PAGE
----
I find that my confidence in identifying white-cheeked geese waxes and wanes from year to year. Or, more accurately, perhaps flock to flock. I am currently in a "less confident" phase, perhaps owing a bit to recent interest discussions on the topic.

Both of today's small Canada Geese are birds that I usually put squarely into the Canada Goose category, and for all I know that may be correct. But I am going to post some photos here to show just how small these geese looked next to adjacent obvious Canadas. The size difference held up well in the field throughout my prolonged observation. However, in each of these birds, the only thing I would call somewhat Cackling-like was their overall small size. Their bills were less obviously long, as least for Bird #1, but still what I felt was fine for Canada Goose.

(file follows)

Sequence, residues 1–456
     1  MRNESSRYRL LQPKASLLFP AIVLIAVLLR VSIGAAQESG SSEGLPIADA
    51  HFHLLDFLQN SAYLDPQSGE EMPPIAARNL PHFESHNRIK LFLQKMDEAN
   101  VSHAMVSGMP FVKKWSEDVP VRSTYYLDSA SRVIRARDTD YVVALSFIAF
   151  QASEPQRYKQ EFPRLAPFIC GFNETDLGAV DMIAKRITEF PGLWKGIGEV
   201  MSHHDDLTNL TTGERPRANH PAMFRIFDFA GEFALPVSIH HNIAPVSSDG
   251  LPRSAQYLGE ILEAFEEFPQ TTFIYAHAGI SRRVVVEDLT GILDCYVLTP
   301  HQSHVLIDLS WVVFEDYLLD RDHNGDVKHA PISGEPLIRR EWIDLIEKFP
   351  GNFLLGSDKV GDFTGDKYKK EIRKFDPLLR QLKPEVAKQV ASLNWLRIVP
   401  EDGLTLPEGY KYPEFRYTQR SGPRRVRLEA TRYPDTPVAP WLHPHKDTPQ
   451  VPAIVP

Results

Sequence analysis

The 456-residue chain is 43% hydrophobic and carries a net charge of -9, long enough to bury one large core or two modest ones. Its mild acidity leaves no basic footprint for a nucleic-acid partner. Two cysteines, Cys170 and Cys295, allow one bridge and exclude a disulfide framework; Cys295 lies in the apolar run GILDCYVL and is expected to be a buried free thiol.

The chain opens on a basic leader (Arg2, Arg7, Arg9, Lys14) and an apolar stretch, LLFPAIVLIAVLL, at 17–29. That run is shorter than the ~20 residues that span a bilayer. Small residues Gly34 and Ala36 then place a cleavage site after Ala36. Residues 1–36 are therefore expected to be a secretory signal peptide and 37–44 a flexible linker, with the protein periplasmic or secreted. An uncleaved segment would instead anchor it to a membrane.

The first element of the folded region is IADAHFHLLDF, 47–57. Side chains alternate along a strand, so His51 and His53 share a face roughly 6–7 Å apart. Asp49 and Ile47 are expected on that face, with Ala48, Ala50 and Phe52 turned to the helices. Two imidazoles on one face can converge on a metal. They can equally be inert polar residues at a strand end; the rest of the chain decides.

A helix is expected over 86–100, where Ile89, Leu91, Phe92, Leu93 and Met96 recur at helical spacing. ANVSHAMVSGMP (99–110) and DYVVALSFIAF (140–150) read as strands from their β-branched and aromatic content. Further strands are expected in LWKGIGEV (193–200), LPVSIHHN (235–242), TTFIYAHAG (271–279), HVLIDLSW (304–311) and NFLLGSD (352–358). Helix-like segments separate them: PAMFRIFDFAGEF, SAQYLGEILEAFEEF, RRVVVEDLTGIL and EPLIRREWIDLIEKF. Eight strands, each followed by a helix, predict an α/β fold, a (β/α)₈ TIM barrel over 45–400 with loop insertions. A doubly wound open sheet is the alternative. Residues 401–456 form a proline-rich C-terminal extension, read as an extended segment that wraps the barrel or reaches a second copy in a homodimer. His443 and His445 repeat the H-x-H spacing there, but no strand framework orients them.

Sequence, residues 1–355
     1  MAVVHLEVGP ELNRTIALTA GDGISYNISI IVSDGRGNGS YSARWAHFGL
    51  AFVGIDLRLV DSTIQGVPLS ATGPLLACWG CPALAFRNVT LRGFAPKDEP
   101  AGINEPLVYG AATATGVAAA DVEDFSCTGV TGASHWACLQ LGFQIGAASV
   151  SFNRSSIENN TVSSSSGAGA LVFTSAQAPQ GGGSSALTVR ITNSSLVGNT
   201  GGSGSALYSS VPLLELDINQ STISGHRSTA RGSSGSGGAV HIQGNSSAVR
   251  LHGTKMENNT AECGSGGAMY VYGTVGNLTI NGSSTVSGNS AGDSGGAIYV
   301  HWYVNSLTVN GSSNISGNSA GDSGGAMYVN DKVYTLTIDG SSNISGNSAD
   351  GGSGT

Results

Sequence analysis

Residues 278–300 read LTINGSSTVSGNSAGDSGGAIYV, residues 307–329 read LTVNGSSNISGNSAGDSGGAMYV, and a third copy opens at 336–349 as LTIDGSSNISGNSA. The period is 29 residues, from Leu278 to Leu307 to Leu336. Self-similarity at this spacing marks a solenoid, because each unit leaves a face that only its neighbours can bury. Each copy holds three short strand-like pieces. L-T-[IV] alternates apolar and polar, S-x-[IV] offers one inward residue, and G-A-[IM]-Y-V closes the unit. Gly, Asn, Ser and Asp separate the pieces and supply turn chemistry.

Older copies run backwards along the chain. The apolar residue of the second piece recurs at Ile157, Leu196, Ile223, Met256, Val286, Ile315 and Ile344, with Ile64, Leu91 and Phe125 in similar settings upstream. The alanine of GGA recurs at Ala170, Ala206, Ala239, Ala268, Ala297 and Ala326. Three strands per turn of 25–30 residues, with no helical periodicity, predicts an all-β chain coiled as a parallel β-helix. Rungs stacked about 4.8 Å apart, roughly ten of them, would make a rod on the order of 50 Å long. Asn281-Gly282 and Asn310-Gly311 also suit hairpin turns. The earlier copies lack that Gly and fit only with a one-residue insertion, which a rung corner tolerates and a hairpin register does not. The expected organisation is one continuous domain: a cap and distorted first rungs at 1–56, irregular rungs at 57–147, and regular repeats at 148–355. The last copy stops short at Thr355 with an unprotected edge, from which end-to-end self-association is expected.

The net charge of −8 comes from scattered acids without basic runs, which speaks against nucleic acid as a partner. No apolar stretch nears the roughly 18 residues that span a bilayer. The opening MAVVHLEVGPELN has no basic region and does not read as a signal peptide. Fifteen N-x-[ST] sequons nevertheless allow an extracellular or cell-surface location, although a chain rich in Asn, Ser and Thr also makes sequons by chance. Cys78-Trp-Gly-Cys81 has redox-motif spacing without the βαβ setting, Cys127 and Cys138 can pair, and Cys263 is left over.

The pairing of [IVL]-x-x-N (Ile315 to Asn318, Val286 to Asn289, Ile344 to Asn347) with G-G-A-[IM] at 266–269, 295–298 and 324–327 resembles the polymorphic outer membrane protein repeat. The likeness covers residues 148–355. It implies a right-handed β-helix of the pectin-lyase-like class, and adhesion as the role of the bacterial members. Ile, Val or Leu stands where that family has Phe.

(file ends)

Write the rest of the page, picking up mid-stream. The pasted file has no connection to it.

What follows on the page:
Small Canada #1:
This bird was the smaller of the two subject birds. Here, in direct comparison to two obviously large Canada Geese, which I am tentatively placing in the moffitti/maxima group.

at left, next to a large Canada

dark gular stripe

at left, next to same large Canada as above

at right, next to different large Canada

at right

at right

Small Canada #2:
Less impressively small with proportionately longer bill than Bird #1, but still obvious in small size in the field. One of the darker-breasted birds in the flock.

at left

at left

And last but not least, the hybrid. This appears to be a hybrid with a domestic goose. I do not see Snow Goose genes here, due to large size (the bird is a monster), orange legs, and lack of a "grin patch."